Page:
Friday, December 05, 2008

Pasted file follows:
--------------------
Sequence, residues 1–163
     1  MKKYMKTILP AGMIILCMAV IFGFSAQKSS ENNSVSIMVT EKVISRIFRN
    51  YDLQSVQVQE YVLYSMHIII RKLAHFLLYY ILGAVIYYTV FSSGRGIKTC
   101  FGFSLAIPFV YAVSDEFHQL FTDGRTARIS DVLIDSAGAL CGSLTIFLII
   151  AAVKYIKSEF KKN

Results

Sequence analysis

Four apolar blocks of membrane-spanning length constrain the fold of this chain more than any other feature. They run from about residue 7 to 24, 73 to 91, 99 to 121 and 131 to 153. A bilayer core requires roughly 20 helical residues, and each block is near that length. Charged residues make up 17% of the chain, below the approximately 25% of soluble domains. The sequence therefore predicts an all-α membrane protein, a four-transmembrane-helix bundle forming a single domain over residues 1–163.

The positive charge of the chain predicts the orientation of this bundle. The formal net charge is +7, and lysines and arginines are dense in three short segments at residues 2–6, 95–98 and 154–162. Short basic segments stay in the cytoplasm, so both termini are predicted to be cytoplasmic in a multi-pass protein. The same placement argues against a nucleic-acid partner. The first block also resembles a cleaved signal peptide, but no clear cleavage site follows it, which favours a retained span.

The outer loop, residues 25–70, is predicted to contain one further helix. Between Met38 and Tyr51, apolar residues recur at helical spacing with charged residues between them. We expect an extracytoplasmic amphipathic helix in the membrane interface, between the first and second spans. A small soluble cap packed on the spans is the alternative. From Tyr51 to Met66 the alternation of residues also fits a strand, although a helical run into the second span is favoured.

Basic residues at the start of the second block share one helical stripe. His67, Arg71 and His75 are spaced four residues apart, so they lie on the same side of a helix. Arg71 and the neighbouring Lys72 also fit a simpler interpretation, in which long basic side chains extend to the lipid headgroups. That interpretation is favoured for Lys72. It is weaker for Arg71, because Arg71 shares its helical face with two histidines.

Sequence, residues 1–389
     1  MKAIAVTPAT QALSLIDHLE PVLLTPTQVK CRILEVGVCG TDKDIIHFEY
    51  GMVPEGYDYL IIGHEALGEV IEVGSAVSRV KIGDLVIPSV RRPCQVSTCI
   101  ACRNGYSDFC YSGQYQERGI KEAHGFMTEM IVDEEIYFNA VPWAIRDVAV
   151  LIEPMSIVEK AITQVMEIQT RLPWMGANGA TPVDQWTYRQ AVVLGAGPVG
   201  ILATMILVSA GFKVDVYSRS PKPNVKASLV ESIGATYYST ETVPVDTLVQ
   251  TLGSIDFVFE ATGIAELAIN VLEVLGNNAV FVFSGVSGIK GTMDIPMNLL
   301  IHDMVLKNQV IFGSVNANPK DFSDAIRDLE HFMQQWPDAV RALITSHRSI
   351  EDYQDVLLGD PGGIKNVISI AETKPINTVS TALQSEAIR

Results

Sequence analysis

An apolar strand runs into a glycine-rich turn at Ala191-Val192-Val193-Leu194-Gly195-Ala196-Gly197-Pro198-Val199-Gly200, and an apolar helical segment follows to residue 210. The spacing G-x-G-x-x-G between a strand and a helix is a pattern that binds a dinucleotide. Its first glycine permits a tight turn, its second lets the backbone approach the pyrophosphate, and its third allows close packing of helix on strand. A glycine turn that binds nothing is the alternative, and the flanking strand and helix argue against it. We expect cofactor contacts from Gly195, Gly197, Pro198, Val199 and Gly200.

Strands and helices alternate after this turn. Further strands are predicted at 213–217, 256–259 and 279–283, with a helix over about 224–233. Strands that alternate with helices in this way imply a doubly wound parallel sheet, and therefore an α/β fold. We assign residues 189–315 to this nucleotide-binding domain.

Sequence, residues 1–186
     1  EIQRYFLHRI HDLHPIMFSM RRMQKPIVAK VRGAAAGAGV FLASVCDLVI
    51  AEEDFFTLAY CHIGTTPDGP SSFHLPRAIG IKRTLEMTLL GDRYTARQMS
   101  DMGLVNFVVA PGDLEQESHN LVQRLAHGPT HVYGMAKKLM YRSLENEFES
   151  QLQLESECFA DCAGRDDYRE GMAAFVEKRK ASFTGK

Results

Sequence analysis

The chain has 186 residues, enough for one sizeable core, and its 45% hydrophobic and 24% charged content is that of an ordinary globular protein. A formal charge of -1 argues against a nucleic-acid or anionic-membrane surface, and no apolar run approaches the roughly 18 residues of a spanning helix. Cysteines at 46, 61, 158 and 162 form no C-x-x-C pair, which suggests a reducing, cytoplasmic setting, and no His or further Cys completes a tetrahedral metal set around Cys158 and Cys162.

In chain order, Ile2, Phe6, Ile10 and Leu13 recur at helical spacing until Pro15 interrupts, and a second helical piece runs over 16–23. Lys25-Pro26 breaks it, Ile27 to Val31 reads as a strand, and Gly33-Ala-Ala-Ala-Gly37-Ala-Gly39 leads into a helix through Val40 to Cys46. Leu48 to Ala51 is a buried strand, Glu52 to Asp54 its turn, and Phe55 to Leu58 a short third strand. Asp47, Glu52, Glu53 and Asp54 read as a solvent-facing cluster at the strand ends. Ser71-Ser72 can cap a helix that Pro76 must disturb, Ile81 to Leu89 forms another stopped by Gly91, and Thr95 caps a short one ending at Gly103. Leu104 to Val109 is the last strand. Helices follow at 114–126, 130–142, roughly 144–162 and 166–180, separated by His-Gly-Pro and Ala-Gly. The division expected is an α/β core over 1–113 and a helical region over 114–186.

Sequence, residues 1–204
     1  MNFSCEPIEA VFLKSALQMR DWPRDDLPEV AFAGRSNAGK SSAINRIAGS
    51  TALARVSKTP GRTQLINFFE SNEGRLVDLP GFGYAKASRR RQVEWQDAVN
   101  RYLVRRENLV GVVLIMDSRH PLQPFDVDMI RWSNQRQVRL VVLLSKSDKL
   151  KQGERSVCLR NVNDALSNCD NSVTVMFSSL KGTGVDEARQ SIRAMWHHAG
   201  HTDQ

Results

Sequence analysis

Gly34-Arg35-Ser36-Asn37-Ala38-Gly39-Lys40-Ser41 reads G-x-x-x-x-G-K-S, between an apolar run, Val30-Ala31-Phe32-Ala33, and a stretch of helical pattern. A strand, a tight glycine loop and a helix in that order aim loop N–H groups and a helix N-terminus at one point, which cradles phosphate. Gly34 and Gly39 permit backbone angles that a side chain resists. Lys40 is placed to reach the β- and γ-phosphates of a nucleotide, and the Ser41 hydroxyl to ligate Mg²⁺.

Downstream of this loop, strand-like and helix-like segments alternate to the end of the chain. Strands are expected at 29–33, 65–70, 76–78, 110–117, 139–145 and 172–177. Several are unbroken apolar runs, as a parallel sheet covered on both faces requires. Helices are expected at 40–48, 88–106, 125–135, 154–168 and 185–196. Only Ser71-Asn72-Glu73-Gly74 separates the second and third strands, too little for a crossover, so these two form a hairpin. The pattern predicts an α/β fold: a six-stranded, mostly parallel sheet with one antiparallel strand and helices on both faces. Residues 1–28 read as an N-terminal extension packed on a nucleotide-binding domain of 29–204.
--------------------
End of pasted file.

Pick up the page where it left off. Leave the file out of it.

The long history of the Franciscan Custody of the Holy Land includes many martyrs, the first among whom are St. Nicholas Tavelic and companions. In 1335 the Friars Minor were at the 'coenaculum' and in 1342 Clement VI formally instituted the Custody of the Holy Land. The friars soon were officiating the 'coenaculum', the Holy Sepulchre and Bethlehem. In 1391 four friars died as martyrs, as Gerald Calvet of Aquitaine, Guardian of Mt. Zion, wrote and confirmed in a letter. Their names were Nicholas Tavelic, Adeodat of Rodez, Peter of Narbonne and Stephen of Cuneo. Tavelic was of Croatian origin, the son of a noble family of Dalmatia. He was probably born in 1340. After a period in the missions of Bosnia, as a Friar Minor, he was sent to the Holy Land Custody in 1383. After learning the Arab language, together with his companions, he decided to preach the Gospel to the Moslems of the holy city of Jerusalem. On 11 November 1391 the friars went to the temple mount, which was, and still is, a holy place to the Moslems. That day happened to be the Islamic festival of Bairam. The friars were expelled from the mosque, and taken to the house of the cadi or magistrate, where they preached the Gospel. After being mercilessly beaten they were thrown into prison. On 14 November they were taken out of prison to their place of execution, where they were massacred by the mob and their remains thrown into the fire.